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In humans, vocal cords, also known as vocal folds or voice reeds, are folds of throat tissues that are key in creating sounds through vocalization. The size of vocal cords affects the pitch of voice. Open when breathing and vibrating for speech or singing, the folds are controlled via the recurrent laryngeal branch of the vagus nerve. They are composed of twin infoldings of mucous membrane stretched horizontally, from back to front, across the larynx. They vibrate, modulating the flow of air being expelled from the lungs during phonation.
|Precursor||Sixth pharyngeal arch|
The 'true vocal cords' are distinguished from the 'false vocal folds', known as vestibular folds or ventricular folds, which sit slightly superior to the more delicate true folds. These have a minimal role in normal phonation, but can produce deep sonorous tones, screams and growls.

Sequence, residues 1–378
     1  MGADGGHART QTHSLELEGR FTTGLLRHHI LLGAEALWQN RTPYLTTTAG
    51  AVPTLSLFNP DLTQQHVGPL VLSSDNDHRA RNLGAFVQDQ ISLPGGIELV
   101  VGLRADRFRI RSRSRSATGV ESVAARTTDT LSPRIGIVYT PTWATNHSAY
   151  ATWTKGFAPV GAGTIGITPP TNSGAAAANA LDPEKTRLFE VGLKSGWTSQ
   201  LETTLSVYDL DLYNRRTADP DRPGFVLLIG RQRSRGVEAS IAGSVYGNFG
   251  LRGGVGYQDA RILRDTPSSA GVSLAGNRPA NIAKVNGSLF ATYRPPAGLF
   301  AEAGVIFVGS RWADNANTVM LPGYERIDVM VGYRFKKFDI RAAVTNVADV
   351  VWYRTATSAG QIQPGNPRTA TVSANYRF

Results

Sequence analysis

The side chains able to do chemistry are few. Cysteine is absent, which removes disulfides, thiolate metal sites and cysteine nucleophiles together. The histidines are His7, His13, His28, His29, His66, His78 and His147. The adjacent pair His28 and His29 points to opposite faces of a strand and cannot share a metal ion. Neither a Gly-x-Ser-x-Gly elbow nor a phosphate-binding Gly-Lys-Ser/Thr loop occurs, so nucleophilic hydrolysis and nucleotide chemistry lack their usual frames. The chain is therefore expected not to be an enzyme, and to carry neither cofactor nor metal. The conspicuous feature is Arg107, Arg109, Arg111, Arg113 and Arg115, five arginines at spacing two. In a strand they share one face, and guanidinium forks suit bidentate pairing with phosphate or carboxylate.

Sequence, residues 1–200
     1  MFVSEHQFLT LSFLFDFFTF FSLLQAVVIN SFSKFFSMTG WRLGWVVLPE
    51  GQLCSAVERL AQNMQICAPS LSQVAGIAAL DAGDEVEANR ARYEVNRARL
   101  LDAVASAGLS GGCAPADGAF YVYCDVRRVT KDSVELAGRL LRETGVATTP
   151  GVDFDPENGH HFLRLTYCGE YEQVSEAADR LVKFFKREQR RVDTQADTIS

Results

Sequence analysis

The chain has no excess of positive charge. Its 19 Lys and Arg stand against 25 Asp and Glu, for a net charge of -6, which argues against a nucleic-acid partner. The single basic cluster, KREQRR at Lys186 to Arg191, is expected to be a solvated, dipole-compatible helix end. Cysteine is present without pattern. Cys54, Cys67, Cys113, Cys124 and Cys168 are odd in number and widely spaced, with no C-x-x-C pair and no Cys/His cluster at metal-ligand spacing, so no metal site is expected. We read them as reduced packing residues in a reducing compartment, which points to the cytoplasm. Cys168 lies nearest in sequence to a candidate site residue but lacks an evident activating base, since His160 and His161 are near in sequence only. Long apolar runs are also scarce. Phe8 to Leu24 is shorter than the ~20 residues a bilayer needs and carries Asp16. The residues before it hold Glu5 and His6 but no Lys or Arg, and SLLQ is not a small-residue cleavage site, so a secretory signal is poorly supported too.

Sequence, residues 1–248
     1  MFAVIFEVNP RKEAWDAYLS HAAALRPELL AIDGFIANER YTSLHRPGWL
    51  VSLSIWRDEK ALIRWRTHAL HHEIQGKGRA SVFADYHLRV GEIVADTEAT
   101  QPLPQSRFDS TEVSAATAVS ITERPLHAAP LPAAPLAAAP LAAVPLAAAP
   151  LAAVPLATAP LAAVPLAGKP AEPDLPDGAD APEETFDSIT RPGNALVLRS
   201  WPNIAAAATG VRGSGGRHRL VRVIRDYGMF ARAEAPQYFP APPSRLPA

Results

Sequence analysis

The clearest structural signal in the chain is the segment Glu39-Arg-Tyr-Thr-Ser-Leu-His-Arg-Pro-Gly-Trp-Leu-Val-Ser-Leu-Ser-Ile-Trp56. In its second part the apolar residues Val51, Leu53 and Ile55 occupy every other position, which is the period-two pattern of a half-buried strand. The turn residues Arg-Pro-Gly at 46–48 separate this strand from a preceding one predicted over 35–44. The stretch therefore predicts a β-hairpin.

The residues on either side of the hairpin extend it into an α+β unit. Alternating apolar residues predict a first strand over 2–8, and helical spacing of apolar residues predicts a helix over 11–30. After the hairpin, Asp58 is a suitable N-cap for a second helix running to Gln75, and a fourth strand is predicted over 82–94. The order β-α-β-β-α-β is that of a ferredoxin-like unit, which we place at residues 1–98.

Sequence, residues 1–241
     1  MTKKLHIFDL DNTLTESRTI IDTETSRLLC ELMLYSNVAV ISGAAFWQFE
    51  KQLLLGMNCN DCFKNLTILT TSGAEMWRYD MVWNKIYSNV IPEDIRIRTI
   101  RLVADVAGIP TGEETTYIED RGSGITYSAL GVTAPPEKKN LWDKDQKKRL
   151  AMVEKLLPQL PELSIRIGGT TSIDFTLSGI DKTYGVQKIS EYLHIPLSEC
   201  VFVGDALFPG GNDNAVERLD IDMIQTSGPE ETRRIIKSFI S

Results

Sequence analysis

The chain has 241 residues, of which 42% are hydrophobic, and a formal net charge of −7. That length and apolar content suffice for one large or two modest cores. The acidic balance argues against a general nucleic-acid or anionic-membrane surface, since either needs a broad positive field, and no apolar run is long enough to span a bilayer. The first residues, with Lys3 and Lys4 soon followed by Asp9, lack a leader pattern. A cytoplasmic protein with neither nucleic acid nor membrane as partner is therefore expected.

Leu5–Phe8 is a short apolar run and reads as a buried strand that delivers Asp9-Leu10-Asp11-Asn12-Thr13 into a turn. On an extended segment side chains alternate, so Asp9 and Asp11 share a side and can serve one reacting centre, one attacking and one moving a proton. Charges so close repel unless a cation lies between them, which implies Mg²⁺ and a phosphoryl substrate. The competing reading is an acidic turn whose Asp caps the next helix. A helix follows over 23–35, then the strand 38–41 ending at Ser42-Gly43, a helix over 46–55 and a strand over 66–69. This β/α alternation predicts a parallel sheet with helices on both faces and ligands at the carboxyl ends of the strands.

The length of the vocal fold at birth is approximately six to eight millimeters and grows to its adult length of eight to sixteen millimeters by adolescence. Testosterone, an androgen secreted by the gonads, causes irreversible changes in the cartilages and musculature of the larynx when present in high enough concentrations, such as during an adolescent boy's puberty: The thyroid prominence appears, the vocal folds lengthen and become rounded, and the epithelium thickens with the formation of three distinct layers in the lamina propria.